A large new study of more than 37,000 men, whose dietary habits were followed for about 22 years, and 83,000 women who were followed for about 28 years has provided the strongest signal yet of the health problems associated with eating unprocessed and processed red meat. The conclusion from the study was that eating daily portions of unprocessed and processed red meats increased the risk of mortality. The more meat eaten the higher the risk (see the image below).
Red meat substitutes such as poultry, nuts, fish, legumes, low-fat dairy products, and whole grains, produced lower mortality risks. This is a further boost to those advocating the health of vegetarian and Mediterranean style diets. The researchers suggested that the promotion of replacement for red meat with the alternative animal and vegetable protein may lower the mortality risk and increase the life expectancy of middle age people.The study by researchers at Harvard University published in the Archives of Internal Medicine showed that eating a small daily serving of processed red meat increased a person's risk of dying by up to 20 %, while eating a serving of unprocessed meat increased the risk of mortality by about 13% .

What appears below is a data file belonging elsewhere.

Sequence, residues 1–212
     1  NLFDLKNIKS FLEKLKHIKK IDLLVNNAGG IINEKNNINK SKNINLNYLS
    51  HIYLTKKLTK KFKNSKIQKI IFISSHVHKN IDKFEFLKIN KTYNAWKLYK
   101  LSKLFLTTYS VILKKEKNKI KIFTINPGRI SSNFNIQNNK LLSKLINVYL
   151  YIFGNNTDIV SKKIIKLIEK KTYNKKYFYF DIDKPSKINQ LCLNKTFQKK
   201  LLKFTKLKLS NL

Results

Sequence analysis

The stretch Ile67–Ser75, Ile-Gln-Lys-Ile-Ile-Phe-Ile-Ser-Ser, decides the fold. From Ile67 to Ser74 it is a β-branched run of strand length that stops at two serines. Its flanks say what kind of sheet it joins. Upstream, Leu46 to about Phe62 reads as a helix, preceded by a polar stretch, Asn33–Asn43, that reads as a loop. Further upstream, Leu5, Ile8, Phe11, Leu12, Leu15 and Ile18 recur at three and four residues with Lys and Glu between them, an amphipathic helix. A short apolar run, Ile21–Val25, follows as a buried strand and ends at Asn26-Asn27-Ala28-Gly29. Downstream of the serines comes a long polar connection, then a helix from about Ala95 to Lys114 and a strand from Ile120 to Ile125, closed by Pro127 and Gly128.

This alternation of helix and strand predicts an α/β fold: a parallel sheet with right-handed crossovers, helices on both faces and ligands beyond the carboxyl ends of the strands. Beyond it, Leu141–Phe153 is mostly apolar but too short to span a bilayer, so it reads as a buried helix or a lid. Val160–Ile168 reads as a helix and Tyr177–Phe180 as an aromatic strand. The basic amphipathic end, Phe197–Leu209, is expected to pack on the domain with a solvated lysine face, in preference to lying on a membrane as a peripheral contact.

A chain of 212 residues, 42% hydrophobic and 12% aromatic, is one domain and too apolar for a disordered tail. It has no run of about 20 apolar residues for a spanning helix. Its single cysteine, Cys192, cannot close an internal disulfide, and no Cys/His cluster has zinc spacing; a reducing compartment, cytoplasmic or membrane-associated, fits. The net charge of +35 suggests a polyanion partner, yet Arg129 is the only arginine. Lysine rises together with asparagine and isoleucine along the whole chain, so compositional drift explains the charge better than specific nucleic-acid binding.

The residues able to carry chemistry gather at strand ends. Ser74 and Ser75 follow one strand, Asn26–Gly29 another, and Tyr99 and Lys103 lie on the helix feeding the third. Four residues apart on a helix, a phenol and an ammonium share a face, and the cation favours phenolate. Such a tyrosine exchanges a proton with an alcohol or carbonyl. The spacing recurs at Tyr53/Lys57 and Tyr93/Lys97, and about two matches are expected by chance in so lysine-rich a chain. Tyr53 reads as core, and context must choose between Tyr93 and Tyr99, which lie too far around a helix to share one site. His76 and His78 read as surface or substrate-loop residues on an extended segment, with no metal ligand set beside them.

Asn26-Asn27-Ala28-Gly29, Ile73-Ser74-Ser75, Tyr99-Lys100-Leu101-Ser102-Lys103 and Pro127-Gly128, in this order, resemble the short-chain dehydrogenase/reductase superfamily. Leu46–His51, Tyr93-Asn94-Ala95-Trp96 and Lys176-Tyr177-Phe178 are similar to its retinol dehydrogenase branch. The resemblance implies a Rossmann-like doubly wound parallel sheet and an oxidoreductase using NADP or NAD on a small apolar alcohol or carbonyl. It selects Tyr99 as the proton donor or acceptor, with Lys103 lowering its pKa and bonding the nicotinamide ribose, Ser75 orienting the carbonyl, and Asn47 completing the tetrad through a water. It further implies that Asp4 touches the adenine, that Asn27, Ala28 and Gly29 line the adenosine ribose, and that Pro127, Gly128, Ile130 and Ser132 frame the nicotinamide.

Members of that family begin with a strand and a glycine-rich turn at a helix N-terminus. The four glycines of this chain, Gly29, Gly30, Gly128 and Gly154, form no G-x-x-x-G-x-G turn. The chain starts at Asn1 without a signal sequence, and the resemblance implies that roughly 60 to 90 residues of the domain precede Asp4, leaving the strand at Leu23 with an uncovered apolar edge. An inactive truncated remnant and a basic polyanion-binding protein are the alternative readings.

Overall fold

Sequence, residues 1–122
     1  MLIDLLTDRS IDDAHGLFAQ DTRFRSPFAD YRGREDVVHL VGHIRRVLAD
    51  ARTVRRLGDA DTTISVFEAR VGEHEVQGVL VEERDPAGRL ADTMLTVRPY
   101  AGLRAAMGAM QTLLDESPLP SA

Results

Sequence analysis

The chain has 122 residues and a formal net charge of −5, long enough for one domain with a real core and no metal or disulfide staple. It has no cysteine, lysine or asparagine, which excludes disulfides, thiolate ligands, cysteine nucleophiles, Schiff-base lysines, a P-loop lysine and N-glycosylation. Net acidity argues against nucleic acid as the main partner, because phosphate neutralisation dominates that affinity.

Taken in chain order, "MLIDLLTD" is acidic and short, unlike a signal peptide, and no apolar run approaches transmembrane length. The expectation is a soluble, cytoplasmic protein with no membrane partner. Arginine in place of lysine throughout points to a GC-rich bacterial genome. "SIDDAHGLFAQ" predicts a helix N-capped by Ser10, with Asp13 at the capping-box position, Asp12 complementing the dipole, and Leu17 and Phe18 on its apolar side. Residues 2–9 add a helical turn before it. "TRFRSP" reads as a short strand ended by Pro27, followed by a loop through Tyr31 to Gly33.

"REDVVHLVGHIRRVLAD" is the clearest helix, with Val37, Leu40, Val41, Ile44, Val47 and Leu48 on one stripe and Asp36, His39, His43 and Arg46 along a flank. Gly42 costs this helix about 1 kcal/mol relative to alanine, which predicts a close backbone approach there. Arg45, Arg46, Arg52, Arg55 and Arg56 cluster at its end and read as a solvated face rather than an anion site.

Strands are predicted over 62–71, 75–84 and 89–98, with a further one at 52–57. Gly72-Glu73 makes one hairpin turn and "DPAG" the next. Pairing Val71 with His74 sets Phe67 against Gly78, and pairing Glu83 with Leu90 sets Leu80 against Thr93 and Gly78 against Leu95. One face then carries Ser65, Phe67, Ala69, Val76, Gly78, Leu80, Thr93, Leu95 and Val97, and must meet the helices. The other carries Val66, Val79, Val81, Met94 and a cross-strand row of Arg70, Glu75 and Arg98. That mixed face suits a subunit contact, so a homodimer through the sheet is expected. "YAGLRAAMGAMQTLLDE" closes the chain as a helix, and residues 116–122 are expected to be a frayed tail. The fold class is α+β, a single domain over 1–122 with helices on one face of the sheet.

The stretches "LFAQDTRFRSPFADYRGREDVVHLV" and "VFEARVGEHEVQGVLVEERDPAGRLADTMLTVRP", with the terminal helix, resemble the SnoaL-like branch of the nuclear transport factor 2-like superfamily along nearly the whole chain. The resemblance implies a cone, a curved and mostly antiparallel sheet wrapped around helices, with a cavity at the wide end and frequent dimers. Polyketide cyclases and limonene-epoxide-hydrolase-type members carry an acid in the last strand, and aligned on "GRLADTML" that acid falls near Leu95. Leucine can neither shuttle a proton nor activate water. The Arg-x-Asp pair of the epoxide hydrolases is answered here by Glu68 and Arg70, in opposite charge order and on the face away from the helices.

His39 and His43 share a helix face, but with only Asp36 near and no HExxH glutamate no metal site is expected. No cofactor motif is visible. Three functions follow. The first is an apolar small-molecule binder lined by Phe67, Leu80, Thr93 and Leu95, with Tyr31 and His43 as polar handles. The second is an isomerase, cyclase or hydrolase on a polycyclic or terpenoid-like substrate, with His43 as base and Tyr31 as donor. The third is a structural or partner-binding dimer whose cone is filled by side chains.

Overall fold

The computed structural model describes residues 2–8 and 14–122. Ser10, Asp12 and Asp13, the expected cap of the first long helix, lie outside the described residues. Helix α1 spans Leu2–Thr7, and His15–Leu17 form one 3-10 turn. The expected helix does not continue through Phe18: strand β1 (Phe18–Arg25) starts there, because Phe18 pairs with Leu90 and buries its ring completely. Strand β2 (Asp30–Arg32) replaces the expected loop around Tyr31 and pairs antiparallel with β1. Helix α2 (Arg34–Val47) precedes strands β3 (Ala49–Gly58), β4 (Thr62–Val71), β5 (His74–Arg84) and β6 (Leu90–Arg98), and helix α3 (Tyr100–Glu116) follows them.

The study of more than 120,000 subjects was conducted using survey techniques. Each subject was asked to complete a survey concerning their eating habits every 4 years over the 20-30 year period. The study also showed that:
The authors of the study estimated that encouraging the participants to halve their red meat consumption every day for the substitutes could have reduced the overall mortality of the subjects during the 20-30 year period by 7-9 %.
Processed red meat has been implicated in a variety of studies to be unhealthy. It contains many doubtful ingredients such as sodium, saturated fat, nitrites, preservatives and some suspected carcinogens that are associated with chronic ailments including cancer and heart disease.
It has been reported in other studies that red meat intake was associated with an increased risk of coronary heart disease. Red meat intake has been associated with increased risks of colorectal cancer and several other cancers.
Other studies have shown that deaths related to smoking and obesity are partially preventable through changes in lifestyles.
Seventh Day Adventist Vegetarians Live Longer
In an earlier study, published in the Archives of Internal Medicine in 2001, found that Seventh Day Adventists, who generally have healthier habits than the general population, and don't eat meat, have a longer life expectancy at the age of 30 years, than the average person in the American population. The study found that Adventist men lived an average of about 7 years longer, and women about 4 years longer than those in the general population. The vegetarian diet of Adventists, body weight, exercise, eating nuts, cigarette smoking and hormone replacement therapy (HRT) all played a part in the benefits that were reported.
Sugar-Laden Beverages increases risk of Heart Disease
A recent study, published in the journal - Circulation, showed that men who drank sugar-laden beverages daily had a 20 % higher risk of heart disease than those who did not consume these drinks, or who only consumed 2 of these beverages a week. The study followed the diets of more that 42,000 men, over a 22 year period.